Effect of Moringa Leaf Meal (Molm) on Nutrient Digestibility, Growth, Carcass and Blood Indices of Weaner Rabbits

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The study involved the cultivation of moringa and the use of the moringa leaf meal (MOLM) to determine its effect on nutrient digestibility, growth, carcass characteristics and haematological and biochemical indices of weaner rabbits. Five (5) treatment diets were formulated to contain MOLM inclusion levels of 0% (control), 5%, 10%, 15% and 20%. Thirty (30) weaner rabbits of mixed breeds and sexes were used for the experiment. They were randomly divided into 5 groups of 6 animals per treatment with 2 animals per replicate, in a Completely Randomized Design (CRD). Feed and water were provided ad libitum. Data obtained from the moringa cultivation showed that on dry matter (DM) basis, 425.10 kg/ha of moringa leaves could be produced at first harvest at 90 days of age using a planting spacing of 1.3 × 1.3 m. Elemental analysis of the moringa leaf meal (MOLM) on DM basis indicated that the leaves contained 24.65% DM, 29.25% CP, 2.23% EE, 19.25% CF, 7.13% ash, 41.98% NFE, 0.33% P and 8.64% Ca. The dry matter (DM) and CP digestibility values were affected (p<0.05) by dietary treatments whilst the CF and EE digestibility values were not (p>0.05). The average daily feed intake and FCR did not differ between dietary treatments (p>0.05), however, the average daily weight gain was higher (p<0.05) in rabbits on the MOLM based-diets (13.49, 13.69, 14.03, 15.01 g/d) compared to those on the control diet (11.71 g/d). Except for meat crude protein and ether extract, which were influenced by dietary treatment (p<0.01), the carcass characteristics studied did not differ between treatments (p>0.05). All the blood parameters studied did not vary between treatments (p>0.05). The cost of feed to gain a kilogramme weight, although not significant (p>0.05), was highest when soyabean meal (SBM) was completely replaced with MOLM due solely to the large price disparities between MOLM and SBM. The study revealed that the MOLM is rich in nutrients. It also showed that the MOLM could be used as a partial or total replacement for SBM without any adverse effect on the productive performance and blood indices of weaner rabbits.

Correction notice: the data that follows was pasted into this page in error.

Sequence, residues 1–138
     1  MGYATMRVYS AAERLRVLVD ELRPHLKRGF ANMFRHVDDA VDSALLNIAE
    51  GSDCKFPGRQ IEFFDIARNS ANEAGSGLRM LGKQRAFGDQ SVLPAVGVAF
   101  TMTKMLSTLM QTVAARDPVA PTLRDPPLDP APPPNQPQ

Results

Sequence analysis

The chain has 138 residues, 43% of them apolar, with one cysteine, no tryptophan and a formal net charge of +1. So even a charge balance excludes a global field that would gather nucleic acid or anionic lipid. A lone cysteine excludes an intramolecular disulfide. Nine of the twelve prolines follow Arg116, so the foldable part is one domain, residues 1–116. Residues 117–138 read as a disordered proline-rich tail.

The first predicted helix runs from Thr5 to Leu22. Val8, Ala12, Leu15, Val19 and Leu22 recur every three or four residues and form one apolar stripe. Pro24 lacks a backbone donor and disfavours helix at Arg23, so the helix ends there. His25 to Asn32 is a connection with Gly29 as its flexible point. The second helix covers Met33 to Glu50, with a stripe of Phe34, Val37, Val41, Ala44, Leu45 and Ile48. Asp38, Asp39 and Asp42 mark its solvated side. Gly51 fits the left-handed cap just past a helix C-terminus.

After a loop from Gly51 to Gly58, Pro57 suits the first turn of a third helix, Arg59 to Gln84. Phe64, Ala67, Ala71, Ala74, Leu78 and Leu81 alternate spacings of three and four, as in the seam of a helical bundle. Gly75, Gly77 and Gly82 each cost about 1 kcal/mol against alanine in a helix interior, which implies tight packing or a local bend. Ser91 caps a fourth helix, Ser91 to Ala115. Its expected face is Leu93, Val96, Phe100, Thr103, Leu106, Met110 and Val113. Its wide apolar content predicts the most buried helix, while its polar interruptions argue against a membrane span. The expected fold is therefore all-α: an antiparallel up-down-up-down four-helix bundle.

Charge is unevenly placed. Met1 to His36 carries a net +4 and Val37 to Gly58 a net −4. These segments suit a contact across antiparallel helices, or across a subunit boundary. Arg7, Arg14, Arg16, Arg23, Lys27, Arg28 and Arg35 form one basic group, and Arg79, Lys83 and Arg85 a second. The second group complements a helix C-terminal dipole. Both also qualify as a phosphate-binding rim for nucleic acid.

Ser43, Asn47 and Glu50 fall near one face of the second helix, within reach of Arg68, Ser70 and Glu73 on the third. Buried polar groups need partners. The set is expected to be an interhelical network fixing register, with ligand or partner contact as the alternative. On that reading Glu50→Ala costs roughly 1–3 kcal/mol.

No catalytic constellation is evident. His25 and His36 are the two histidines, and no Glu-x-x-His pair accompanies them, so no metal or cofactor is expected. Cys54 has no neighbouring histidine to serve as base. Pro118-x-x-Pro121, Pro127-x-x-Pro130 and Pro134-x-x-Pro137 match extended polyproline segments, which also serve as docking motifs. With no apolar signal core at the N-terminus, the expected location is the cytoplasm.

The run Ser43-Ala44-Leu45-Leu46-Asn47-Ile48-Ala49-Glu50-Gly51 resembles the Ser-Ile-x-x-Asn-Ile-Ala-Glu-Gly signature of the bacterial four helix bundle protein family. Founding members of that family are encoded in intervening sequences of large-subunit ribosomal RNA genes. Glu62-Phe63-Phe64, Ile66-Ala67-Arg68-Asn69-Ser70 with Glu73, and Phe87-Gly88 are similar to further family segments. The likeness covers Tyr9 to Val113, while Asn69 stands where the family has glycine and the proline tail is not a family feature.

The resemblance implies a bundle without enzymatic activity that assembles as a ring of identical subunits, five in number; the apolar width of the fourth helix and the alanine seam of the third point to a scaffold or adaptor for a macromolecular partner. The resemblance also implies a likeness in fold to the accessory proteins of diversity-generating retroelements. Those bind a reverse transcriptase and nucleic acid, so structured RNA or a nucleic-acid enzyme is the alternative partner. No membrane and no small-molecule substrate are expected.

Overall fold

A thesis submitted to the school of graduate studies, Kwame Nkrumah University of Science and Technology, Kumasi, in partial fulfilment of the requirements for the award of Master of Science Degree in Animal Nutrition